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The following are excerpts from the newsletter


November 5, 1997

  • Beta Block this order..
  • Missing the point.
  • Safety Briefs:
    • FDA issues a talk paper about changes in Rezulin® labeling.
    • Potential Mix up 1 --- Volmax® and Flomax®.
    • Potential Mix up 2 --- Serzone® and Seroquel®.
    • ICN pharmaceutical's vials of Prostigmin® look similar to its Tensilon® vials.
    • Potential for confusing prefilled syringes of Versed® with Valium® prefilled syringes.
    • .Thanks to those who have cotributed to ISMP through the United Way campaign.
    • Are you certain that proper techniques are being used by staff conducting mass influenza vaccination programs?
    • Study encourages patients to ask if the health care professional who comes in contact with them has washed his/her hands.
    • Standarization and control of vocabulary can help to reduce errors. Let ISMP and USP know about advertisements that use problem abbreviations by sending reports to the USP MERP.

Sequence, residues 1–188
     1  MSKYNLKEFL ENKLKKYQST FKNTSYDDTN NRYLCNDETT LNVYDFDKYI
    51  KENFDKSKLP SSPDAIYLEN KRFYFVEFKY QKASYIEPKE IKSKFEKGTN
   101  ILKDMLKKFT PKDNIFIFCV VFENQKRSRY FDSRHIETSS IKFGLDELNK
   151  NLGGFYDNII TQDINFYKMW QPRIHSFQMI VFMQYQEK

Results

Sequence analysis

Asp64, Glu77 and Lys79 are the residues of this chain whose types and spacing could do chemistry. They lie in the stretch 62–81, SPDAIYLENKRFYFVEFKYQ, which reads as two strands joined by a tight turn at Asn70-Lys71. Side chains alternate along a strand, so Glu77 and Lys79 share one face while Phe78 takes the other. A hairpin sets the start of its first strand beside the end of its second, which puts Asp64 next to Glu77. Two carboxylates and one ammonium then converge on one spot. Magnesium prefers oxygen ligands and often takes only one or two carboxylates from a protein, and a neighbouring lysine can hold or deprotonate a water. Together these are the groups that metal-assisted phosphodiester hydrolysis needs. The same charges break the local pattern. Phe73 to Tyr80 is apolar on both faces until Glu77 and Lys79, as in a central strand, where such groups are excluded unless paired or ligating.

November 19, 1997

  • When an error is not really an error
  • Removing discontinued medications.
  • Safety Briefs:
    • FDA announces intentions to require warning labels about alcohol consumption with over-the-counter pain relievers.
    • HHS Department issues preliminary recommendations for the management of patients that took fenfluramine or dexfenfluramine.
    • Lipid delivery systems for amphotericin B provide opportunity for dosage mixups.
    • QD (daily) abbreviation continues to cause problems ... it is often misinterperted as QID (four times a day).
    • Hospital in the news when a nurse almost makes a mistake. Patient's mother noticed that the syringe looked larger and stopps nurse who discovers miscalculation.
    • Systemic absorption of topical anesthetics is often forgotten, which in some cases can lead to disaatrous consequences.
    • A managed healthcare plan now covers Pepcid AC (OTC) and requires patients on prescription strength doses to use the OTC tablets to get the correct dose in order to cut costs. Thus a patient on 40 mg now takes 4 tablets instead of one

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